I'm not going to say too much about this one because I'm going to have to play it again for the GBC series. Suffice to say that it's a licensed platformer with limited lives that relies almost entirely on wildly unfair offscreen threats to have any difficulty. It'd be practically impossible to beat this game without having the whole thing memorized, and it seems designed with that specific intent.


6. Hydrophobia: Prophecy (Dark Energy Digital, PC, 2011)


It desperately wants to be Uncharted, but it has the production value of a bootleg Pokemon cartridge. The puzzles are all based around water flow, yet the water physics are so unrealistic that sometimes all the water just decides to disappear and go to a better game. Enemies will spawn in literally right behind you when you press a switch, but it's okay because they do practically no damage and you have infinite bullets. Eventually it decides it would actually rather be Half-Life 2 and brings in a Gravity Gun ripoff, but naturally the button to use it doesn't work half the time. The ending has practically no relevance to the plot. Levels would be almost impossible to navigate without a magic tablet telling you exactly where to go at all times.


All of it is a disaster, and the devs had the audacity to tell reviewers they were playing it wrong when it started getting basement-level scores at release. You've already done something wrong if you're playing this game at all.


5. Danganronpa Another Episode: Ultra Despair Girls (Spike Chunsoft, Vita, 2015)


UDG converts the established Danganronpa series to a third person wave shooter. The gameplay is fine. It's extremely repetitive, occasionally buggy, and is largely boring after five minutes, but it's not nearly bad enough to make this list on its own.


No, it's here because the writing is both dreadful and completely unaware of that fact. The entire game seems like a vehicle for the writers to be pervy about the protagonist even though she's in middle school, culminating in a scene in which you have to prevent a machine from using a bunch of cartoonish grabby arms to grope her to death. Naturally, this sequence is immediately adjacent to one that wants to be about the horrors of child sex abuse. This is the only game I've ever played that has managed to be truly offensively bad.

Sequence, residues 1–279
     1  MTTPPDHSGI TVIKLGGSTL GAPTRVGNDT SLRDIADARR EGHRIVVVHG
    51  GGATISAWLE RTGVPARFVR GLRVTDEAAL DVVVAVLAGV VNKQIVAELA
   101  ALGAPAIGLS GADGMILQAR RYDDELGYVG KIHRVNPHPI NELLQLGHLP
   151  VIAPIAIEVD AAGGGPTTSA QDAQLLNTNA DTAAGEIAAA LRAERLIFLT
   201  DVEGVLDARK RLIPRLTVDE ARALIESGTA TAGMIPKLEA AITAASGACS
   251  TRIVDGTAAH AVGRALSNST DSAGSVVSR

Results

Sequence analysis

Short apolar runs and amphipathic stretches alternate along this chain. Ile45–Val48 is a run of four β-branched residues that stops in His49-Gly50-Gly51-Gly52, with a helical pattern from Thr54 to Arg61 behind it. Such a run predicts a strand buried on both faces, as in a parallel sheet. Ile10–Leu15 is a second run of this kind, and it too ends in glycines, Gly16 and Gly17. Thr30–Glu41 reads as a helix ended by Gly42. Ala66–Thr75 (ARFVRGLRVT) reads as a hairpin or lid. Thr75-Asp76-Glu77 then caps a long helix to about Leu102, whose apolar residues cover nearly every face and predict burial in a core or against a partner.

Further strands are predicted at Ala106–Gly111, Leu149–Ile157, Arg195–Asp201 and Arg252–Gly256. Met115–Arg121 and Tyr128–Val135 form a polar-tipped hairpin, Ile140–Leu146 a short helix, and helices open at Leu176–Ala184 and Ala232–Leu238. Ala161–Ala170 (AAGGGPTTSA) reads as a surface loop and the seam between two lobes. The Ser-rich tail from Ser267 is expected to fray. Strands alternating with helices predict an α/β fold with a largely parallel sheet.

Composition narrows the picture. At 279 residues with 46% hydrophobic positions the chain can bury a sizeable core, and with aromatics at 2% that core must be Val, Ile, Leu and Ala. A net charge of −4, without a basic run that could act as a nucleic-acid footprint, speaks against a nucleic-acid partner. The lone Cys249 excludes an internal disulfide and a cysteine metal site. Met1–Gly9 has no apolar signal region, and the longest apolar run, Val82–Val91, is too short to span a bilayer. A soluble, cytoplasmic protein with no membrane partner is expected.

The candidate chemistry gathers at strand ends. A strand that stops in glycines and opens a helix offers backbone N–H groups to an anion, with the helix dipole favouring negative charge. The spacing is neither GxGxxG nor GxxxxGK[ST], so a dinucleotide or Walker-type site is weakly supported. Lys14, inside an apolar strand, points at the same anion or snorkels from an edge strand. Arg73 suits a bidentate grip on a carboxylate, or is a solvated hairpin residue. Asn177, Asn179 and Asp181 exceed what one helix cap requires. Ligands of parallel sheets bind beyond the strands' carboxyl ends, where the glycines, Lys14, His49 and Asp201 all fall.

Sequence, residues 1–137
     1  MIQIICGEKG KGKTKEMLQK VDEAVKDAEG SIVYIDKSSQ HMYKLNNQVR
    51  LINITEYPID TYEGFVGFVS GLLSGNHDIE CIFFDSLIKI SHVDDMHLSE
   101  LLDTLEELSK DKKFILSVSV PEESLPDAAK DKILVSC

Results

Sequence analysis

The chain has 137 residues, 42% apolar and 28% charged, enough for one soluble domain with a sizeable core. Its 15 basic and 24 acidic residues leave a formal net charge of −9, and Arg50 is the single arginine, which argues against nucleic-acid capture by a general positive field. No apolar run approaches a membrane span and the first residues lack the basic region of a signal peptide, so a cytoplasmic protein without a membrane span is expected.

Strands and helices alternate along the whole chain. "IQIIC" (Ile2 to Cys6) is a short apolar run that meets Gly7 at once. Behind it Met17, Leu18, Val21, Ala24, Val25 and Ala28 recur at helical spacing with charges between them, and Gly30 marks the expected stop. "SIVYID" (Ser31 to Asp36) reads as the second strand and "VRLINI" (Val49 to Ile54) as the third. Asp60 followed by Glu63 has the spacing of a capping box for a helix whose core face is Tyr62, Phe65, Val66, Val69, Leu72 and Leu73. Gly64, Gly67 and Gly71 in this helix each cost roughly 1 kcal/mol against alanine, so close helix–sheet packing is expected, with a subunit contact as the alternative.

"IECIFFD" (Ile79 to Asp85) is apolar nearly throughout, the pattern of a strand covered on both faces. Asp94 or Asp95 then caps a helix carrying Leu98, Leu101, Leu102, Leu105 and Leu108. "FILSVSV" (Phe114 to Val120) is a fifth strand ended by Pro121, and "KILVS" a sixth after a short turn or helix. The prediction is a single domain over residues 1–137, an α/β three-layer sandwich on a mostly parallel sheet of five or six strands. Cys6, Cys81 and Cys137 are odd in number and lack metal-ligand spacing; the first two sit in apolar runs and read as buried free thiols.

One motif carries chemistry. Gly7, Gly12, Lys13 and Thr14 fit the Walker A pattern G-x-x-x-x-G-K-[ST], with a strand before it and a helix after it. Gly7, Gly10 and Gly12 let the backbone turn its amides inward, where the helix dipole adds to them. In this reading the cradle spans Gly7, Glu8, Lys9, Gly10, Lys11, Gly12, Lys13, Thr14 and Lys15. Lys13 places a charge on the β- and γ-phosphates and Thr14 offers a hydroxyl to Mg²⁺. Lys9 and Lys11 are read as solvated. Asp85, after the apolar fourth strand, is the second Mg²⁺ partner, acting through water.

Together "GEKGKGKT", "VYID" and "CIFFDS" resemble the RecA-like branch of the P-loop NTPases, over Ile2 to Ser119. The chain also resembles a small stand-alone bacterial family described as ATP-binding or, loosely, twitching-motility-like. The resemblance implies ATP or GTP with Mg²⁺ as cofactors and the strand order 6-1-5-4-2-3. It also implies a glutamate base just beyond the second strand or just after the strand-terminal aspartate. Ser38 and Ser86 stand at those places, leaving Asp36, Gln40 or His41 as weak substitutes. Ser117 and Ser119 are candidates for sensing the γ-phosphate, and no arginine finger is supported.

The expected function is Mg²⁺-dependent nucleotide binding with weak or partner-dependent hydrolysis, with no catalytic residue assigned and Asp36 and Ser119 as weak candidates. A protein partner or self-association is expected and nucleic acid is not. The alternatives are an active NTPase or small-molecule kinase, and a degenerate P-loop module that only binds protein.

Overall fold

4. The Corridor (Thomas Mackinnon, PC, 2020)


I do not like The Beginner's Guide at all, but I can at least see what others like about it. This game is a copy/paste of that game's message communicated almost entirely through a button that makes the game shut down. It says nothing that TBG didn't communicate better, and it does it through quite possibly the single most obnoxious gameplay mechanic ever conceived. It could have just quit to a menu, reset you to start, or any number of other things that would've been less annoying, but no, it fully quits the game and makes you boot it up again after what is frequently only a few seconds of gameplay. It's a massively worse version of a game that already existed, and it hardly even tries to add anything to the message.


3. Airport Tycoon II (Global Star Software, PC)